Monthly Archives: April 2010

Vote for The A-Team!

Those clever people over at the marketing department for the upcoming movie version of The A-Team have come up with a cunning plan worthy of Hannibal himself: they’ve mocked up a series of UK election-style posters featuring everyone’s favourite soldiers of fortune canvassing for your vote.

It’s a nice idea, my favourite being Murdock’s raving looney version, which will make perfect sense to any fans of the original 1980s programme but probably very little to anyone brought up on repeats of Friends or 27 series of Big Brother. I pity the fools.

Just don’t pause for too long thinking about the sense behind these posters, as the whole point of the series/film is that The A-Team are trying to stay out of the limelight and having their faces plastered over billboards might not be the smartest move.

They’re also based in the Los Angeles underground, making canvassing visits to UK constituencies rather tricky and whether they’d legally be able to stand for election here is debatable…

A new viral video has also appeared online which is worth a watch.

The A-Team is released in the UK on 30 July.
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DVD Round-up, 19 April 2010

It’s a sad fact that sleaze and scandal are something of a mainstay of modern British life. Gone are the days of hushed-up goings-on in nightclubs by politicians and minor celebrities which at one time would only have bothered their consciousnesses – these days they’re likely to be splashed across the front of a tabloid rag and in the next issue of a celebrity magazine.

Of course, not everything makes it as far as the papers, with extortionate fees paid to publicists such as Max Clifford to hush up the seediest stories while others are given a new spin which makes them more palatable to a sleaze-hungry public.

The how’s and why’s of cover-ups and expose’s are at the heart of Chris Atkins’ scathing new documentary, Starsuckers (Network), which fearlessly looks behind the lies and half-truths while creating a few of its own for the purposes of the film.

At breakneck speed we’re dragged through the gutter and beyond as Clifford is shown proudly discussing his work while new light is shed upon celeb-led good causes such as Live 8, the truth behind them worthy of a documentary of their own.

Quite what can be done to halt the rot setting in any further is debatable, but it’s important that as many of us watch Starsuckers before that next issue of Celebrity Fakes-R-Us Weekly hits the shops.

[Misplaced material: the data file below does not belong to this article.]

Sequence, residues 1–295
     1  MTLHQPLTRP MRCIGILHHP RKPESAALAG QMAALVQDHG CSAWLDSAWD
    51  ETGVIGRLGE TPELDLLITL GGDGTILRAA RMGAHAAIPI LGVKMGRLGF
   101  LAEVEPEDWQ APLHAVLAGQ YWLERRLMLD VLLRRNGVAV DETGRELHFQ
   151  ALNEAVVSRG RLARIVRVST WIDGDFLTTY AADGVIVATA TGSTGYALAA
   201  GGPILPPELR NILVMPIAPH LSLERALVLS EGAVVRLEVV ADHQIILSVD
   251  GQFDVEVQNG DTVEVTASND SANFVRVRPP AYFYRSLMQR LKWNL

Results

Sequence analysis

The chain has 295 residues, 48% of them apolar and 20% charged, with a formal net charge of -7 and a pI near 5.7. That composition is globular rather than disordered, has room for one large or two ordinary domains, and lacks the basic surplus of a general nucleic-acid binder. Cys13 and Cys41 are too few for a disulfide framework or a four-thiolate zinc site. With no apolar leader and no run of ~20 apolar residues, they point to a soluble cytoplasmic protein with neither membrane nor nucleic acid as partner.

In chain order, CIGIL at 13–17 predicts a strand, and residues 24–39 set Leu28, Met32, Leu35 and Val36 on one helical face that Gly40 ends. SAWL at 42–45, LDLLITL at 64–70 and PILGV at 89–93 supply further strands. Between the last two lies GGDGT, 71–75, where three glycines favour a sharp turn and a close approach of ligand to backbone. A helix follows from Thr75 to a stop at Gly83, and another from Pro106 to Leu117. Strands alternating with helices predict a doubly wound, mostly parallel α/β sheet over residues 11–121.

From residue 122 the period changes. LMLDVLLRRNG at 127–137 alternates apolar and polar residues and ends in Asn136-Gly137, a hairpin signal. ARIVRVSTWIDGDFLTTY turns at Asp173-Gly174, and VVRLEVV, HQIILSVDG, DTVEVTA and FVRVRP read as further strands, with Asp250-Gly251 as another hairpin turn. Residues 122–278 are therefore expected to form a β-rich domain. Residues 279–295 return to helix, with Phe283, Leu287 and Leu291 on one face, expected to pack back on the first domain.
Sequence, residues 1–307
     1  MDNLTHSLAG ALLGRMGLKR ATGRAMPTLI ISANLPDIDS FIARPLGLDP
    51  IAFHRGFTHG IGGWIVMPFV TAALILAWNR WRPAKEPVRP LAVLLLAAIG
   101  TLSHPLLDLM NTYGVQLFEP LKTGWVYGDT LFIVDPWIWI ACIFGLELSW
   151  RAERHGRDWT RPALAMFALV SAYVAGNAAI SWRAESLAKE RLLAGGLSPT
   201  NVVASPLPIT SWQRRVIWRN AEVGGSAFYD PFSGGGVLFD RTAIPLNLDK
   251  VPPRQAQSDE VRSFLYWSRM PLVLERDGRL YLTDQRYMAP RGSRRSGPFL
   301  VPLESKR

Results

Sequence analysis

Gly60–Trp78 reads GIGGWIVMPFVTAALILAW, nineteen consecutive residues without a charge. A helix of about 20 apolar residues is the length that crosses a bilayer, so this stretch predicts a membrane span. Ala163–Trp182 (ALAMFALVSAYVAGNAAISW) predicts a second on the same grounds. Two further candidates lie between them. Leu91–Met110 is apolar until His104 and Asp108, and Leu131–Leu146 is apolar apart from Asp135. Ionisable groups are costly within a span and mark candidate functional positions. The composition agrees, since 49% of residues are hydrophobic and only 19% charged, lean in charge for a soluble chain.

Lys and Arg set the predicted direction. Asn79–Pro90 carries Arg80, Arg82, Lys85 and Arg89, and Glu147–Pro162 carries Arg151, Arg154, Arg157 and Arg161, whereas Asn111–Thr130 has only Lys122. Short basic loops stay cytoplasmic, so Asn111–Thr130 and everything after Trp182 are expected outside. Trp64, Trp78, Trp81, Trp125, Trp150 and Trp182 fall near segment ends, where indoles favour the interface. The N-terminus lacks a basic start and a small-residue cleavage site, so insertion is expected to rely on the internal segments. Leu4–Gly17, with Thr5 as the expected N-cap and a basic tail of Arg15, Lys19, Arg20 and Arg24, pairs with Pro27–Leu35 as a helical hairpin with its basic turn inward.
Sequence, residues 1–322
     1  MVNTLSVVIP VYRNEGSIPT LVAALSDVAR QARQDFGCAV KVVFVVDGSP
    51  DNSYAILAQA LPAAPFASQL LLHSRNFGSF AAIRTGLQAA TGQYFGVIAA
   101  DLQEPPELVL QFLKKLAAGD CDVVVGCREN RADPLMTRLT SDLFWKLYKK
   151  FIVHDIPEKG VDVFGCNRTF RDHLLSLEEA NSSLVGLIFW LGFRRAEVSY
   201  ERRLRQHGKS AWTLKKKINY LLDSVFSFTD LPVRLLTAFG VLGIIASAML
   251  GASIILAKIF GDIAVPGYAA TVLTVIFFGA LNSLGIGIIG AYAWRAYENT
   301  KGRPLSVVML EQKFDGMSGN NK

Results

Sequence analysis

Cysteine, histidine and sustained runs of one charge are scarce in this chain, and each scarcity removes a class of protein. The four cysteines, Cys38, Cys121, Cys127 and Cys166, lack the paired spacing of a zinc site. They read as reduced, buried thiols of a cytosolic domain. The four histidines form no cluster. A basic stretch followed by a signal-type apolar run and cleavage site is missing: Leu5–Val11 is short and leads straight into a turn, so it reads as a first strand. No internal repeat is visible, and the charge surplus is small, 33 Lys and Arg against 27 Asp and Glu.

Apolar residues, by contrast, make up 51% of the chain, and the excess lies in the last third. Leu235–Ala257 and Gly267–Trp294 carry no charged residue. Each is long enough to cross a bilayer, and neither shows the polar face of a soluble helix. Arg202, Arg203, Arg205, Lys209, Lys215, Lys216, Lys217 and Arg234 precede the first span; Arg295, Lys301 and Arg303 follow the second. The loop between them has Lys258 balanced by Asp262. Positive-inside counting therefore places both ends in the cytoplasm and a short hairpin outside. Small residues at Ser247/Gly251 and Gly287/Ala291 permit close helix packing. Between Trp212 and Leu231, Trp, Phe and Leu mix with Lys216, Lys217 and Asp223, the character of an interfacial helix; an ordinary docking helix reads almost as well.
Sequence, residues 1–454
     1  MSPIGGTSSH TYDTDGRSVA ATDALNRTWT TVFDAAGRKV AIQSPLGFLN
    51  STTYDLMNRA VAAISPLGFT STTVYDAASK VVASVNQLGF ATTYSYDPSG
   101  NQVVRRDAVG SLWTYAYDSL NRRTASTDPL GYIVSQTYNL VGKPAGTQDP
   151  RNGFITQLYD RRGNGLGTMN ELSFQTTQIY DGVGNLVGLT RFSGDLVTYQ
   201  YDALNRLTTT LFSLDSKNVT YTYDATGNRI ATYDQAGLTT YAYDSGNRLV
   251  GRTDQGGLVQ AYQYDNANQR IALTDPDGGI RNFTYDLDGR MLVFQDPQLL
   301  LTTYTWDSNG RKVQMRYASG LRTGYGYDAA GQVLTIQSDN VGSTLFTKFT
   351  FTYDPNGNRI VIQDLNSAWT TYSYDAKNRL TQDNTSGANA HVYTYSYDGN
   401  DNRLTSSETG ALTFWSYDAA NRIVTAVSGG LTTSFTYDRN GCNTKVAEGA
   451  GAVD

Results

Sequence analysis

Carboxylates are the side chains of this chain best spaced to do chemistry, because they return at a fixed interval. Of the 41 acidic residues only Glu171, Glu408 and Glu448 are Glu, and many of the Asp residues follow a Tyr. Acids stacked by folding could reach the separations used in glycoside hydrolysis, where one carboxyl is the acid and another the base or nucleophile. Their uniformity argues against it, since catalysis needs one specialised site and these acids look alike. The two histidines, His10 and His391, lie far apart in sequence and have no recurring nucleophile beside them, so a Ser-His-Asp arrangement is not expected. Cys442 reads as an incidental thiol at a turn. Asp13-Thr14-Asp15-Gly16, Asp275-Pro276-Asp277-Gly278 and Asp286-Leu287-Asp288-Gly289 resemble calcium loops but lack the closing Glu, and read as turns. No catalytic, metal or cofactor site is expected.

Extras include deleted scenes, a making-of and commentary.

Steven Soderbergh is a director with a varied back catalogue of films: the man who brought us the fun Ocean’s 13 is also responsible for the darker Che and the cult The Limey. Now he changes direction again for The Informant! (Warner Home Video), a picture which almost defies categorisation as it introduces us to a world of industrial espionage and personal intrigue in 1990s America.

Mark Whitacre (Matt Damon) is a successful vice president of an agri-business who does the unthinkable and admits to FBI agent Brian Shepard (Scott Bakula) that his company has been involved in price-fixing.

Going undercover as informer for the FBI, Whitacre becomes involved in ever-more dangerous situations as he tries to expose his bosses, the plot getting further twisted when it turns out he in turn is playing games with the FBI.

The Informant! is never a straightforward watch, with jaunty incidental music at odds with the drama and Whitacre’s mental state often difficult to understand. What’s obvious is that Damon is a skilled comic actor, his confident grasp of the material ensuring that repeated viewings will allow the viewer to better gain an insight into the mind of his character.

The Blu-ray-only director’s commentary is worth checking out, Soderbergh’s yack tracks renowned for their frankness and honesty.

Espionage of a different kind can be found in the new release of 1960s thriller Maroc 7 (Network), featuring US actor Gene Barry as wannabe-Bond Simon Grant making his way from swinging London to dusty Morocco in search of a deadly fashion photographer, played by the less-than-killer Leslie Phillips.